Detroit became the largest municipal bankruptcy filing in the nation's history last week after a filing by state-appointed emergency manager Kevyn Orr. Orr and Michigan Gov. Rick Snyder said the city cannot afford its $11.5 billion in liabilities associated with pension benefits, retiree health care and unsecured debt held by investors.
Retirees and their pension funds quickly sued to block the bankruptcy filing, claiming it violated Michigan's state constitution. A county judge ruled in favor of the retirees last week, though the Michigan Court of Appeals reversed that ruling.
On Wednesday, Federal Bankruptcy Judge Steven Rhodes ruled that jurisdiction over the case rests in federal and not state court, court spokesman Rod Hansen said.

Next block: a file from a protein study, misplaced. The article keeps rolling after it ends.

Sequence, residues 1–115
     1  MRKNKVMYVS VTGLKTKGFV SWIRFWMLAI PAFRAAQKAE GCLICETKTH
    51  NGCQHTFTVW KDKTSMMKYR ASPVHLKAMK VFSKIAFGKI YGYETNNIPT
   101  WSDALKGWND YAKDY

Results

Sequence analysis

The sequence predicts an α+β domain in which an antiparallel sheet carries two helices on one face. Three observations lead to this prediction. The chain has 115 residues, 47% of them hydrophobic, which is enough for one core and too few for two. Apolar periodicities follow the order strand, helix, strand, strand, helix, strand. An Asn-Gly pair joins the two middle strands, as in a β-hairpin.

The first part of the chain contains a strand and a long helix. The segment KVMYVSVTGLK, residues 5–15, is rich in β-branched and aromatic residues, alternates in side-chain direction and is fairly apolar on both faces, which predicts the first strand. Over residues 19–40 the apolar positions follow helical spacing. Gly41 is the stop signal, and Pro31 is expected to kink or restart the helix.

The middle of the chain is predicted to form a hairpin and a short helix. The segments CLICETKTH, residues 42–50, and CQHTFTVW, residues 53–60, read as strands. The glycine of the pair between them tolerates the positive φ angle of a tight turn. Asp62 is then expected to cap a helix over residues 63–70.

Rhodes has yet to rule on the merits of the case and whether Detroit is eligible for bankruptcy, a decision he will make following arguments in the weeks to come. For the time being, however, all challenges to the filing have been put on hold.
The American Federation of State, County and Municipal Employees, a union representing public-sector workers, said in response that the court "missed an important opportunity to stop Governor Snyder and Kevyn Orr's constitutional breach now by deferring the argument to a future date."
"The fight is not over and we will continue to stand up for Detroit's workers every step of the way," AFSCME president Lee Saunders said in a statement.
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